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First people and animals were not mammals and they had wings/women laid eggs/Serpent saved Adam



  • KingNaidKingNaid Member UncommonPosts: 1,875

  • KingNaidKingNaid Member UncommonPosts: 1,875
    Star of David at 0:25 
  • KingNaidKingNaid Member UncommonPosts: 1,875

  • KingNaidKingNaid Member UncommonPosts: 1,875

  • KingNaidKingNaid Member UncommonPosts: 1,875

    A chondrite /ˈkɒndraɪt/ is a stony (non-metallic) meteorite that has not been modified, by either melting or differentiation of the parent body.[a][1] They are formed when various types of dust and small grains in the early Solar System accreted to form primitive asteroids. Some such bodies that are captured in the planet’s gravity well become the most common type of meteorite by (whether quickly, or after many orbits) arriving on a trajectory toward the Earth’s surface. Estimates for their contribution to the total meteorite population vary between 85.7%[2] and 86.2%.[3]

    Their study provides important clues for understanding the origin and age of the Solar System, the synthesis of organic compounds, the origin of life and the presence of water on Earth. One of their characteristics is the presence of chondrules, which are round grains formed by distinct minerals, that normally constitute between 20% and 80% of a chondrite by volume.[4]

    Chondrites can be differentiated from iron meteorites due to their low iron and nickel content. Other non-metallic meteorites, achondrites, which lack chondrules, were formed more recently.
  • KingNaidKingNaid Member UncommonPosts: 1,875

  • KingNaidKingNaid Member UncommonPosts: 1,875
    masc. proper name, Biblical judge and prophet, from Late Latin, from Greek Samouel, from Hebrew Shemiel, literally "the name of God
    Samuel (sometimes spelled Samual) is a male given name and a surname of Hebrew origin meaning either "name of God" or "God heard" (שם האלוהים Shem HaElohim) (שמע אלוהים Sh'ma Elohim). Samuel was the last of the ruling judges in the Old Testament. He anointed Saul to be the first King of Israel and later anointed David.
    Biblical Hebrew: Shemu'el Shamu'el
    Hebrew: סמואל, שְׁמוּאֵל (Shmu'el)
    Samael (Hebrew: סַמָּאֵל‎, Sammāʾēl, 'Venom of God, Poison of God'[1] or 'Blindness of God'; Arabic: سمسمائيل‎, Samsama'il or سمائل‎, Samail; alternatively Smil, Samil, or Samiel)[2][3][4] is an archangel in Talmudic and post-Talmudic lore; a figure who is the accuser (Ha-Satan), seducer, and destroyer (Mashhit).
    Although many of his functions resemble the Christian notion of Satan, to the point of being sometimes identified as a fallen angel,[5][6][7]:257–60 in others he is not necessarily evil, since his functions are also regarded as resulting in good, such as destroying sinners.
    He appears frequently in the story of Garden of Eden and engineered the fall of Adam and Eve with a snake in writings during the Second Temple period.[5] However, the serpent is not a form of Samael, but a beast he rode like a camel.[8] In some traditions he is also believed to be the father of Cain,[6][9] as well as the partner of Lilith.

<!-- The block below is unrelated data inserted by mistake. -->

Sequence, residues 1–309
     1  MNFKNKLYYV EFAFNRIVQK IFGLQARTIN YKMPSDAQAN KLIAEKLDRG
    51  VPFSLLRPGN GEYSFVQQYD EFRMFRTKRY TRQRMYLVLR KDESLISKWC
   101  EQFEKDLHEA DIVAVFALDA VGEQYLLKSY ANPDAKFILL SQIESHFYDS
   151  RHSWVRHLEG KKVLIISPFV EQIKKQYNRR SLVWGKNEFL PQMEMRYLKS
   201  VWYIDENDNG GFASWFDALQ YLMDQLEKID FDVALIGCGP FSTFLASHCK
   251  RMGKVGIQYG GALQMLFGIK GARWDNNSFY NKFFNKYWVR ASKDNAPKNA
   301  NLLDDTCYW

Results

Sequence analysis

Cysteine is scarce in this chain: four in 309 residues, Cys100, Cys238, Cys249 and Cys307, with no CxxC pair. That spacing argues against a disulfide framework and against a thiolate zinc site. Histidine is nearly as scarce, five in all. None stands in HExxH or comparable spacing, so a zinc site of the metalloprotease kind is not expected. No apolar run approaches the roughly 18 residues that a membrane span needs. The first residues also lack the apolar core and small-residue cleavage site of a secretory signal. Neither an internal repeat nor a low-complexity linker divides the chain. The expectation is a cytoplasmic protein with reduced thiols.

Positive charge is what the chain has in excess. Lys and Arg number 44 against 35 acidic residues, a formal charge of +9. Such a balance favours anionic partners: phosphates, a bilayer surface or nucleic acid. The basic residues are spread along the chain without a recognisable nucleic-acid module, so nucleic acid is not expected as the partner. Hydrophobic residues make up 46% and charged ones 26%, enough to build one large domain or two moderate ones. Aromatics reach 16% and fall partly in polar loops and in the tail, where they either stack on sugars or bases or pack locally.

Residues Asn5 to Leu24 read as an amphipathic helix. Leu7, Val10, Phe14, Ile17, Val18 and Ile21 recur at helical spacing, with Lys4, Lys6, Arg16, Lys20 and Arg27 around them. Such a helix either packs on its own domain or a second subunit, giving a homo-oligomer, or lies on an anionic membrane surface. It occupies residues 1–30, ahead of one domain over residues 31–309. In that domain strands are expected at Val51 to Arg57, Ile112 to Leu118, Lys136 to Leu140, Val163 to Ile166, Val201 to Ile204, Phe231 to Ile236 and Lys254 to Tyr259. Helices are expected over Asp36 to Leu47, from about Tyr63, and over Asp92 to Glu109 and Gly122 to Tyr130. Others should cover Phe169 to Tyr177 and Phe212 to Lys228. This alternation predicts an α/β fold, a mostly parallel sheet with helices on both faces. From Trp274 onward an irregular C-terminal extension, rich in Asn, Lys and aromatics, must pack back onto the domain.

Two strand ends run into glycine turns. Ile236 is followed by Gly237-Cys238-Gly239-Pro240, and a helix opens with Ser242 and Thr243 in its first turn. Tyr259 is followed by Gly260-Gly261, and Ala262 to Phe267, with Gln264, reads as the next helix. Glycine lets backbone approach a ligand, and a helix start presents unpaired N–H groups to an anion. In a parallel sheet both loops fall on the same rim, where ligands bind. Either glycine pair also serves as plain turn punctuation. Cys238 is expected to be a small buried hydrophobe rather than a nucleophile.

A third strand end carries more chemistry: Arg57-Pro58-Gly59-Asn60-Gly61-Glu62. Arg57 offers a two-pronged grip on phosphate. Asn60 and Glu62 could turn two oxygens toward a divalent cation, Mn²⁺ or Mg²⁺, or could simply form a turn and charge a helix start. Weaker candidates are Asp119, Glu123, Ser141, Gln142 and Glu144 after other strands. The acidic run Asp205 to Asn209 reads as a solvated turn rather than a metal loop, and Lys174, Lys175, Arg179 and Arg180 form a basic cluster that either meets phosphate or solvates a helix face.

In the religion of ancient Babylon, Tiamat (Akkadian: ???? DTI.AMAT or ??? DTAM.TUM, Greek: Θαλάττη Thaláttē)[3] is a primordial goddess of the salt sea, mating with Abzû, the god of fresh water, to produce younger gods.
    Some sources identify her with images of a sea serpent or dragon.[7]
    In the Enûma Elish, the Babylonian epic of creation, she gives birth to the first generation of deities; her husband, Apsu
    She is then slain by Enki's son, the storm-god Marduk, but not before she had brought forth the monsters of the Mesopotamian pantheon, including the first dragons, whose bodies she filled with "poison instead of blood". Marduk then forms the heavens and the Earth from her divided body.
    In Mesopotamian mythology, Ereshkigal (Sumerian: ????? DEREŠ.KI.GAL, lit. "Queen of the Great Earth")[1][2] was the goddess of Kur, the land of the dead or underworld in Sumerian mythology. In later East Semitic myths, she was said to rule Irkalla alongside her husband Nergal. Sometimes her name is given as Irkalla, similar to the way the name Hades was used in Greek mythology for both the underworld and its ruler, and sometimes it is given as Ninkigal, lit. "Lady of the Great Earth".
    In some Jewish folklore, such as the satirical Alphabet of Sirach (c. AD 700–1000), Lilith appears as Adam's first wife, who was created at the same time (Rosh Hashanah) and from the same clay as Adam — compare Genesis 1:27 (this contrasts with Eve, who was created from one of Adam's ribs: Genesis 2:22). The legend of Lilith developed extensively during the Middle Ages, in the tradition of Aggadah, the Zohar, and Jewish mysticism.[2] For example, in the 13th-century writings of Isaac ben Jacob ha-Cohen, Lilith left Adam after she refused to become subservient to him and then would not return to the Garden of Eden after she had coupled with the archangel Samael.
    In the Dead Sea Scrolls 4Q510-511, the term first occurs in a list of monsters.
    In the Akkadian language of Assyria and Babylonia, the terms lili and līlītu mean spirits.
    The Sumerian female demons lili have no etymological relation to Akkadian lilu, "evening".
    Archibald Sayce (1882)[7] considered that Hebrew lilit (or lilith) לילית and the earlier Akkadian līlītu are from proto-Semitic.
    Samuel Noah Kramer (1932, published 1938)[9] translated ki-sikil-lil-la-ke as Lilith in "Tablet XII" of the Epic of Gilgamesh dated c. 600 BC. "Tablet XII" is not part of the Epic of Gilgamesh, but is a later Assyrian Akkadian translation of the latter part of the Sumerian Epic of Gilgamesh.[10] The ki-sikil-lil-la-ke is associated with a serpent and a zu bird.[11] In Gilgamesh, Enkidu, and the Netherworld, a huluppu tree grows in Inanna's garden in Uruk, whose wood she plans to use to build a new throne. After ten years of growth, she comes to harvest it and finds a serpent living at its base, a Zu bird raising young in its crown, and that a ki-sikil-lil-la-ke made a house in its trunk. Gilgamesh is said to have killed the snake, and then the zu bird flew away to the mountains with its young, while the ki-sikil-lil-la-ke fearfully destroys its house and runs for the forest.[12][13] Identification of ki-sikil-lil-la-ke as Lilith is stated in Dictionary of Deities and Demons in the Bible (1999).[14] According to a new source from late antiquity, Lilith appears in a Mandaic magic story where she is considered to represent the branches of a tree with other demonic figures that form other parts of the tree, though this may also include multiple "Liliths".[15]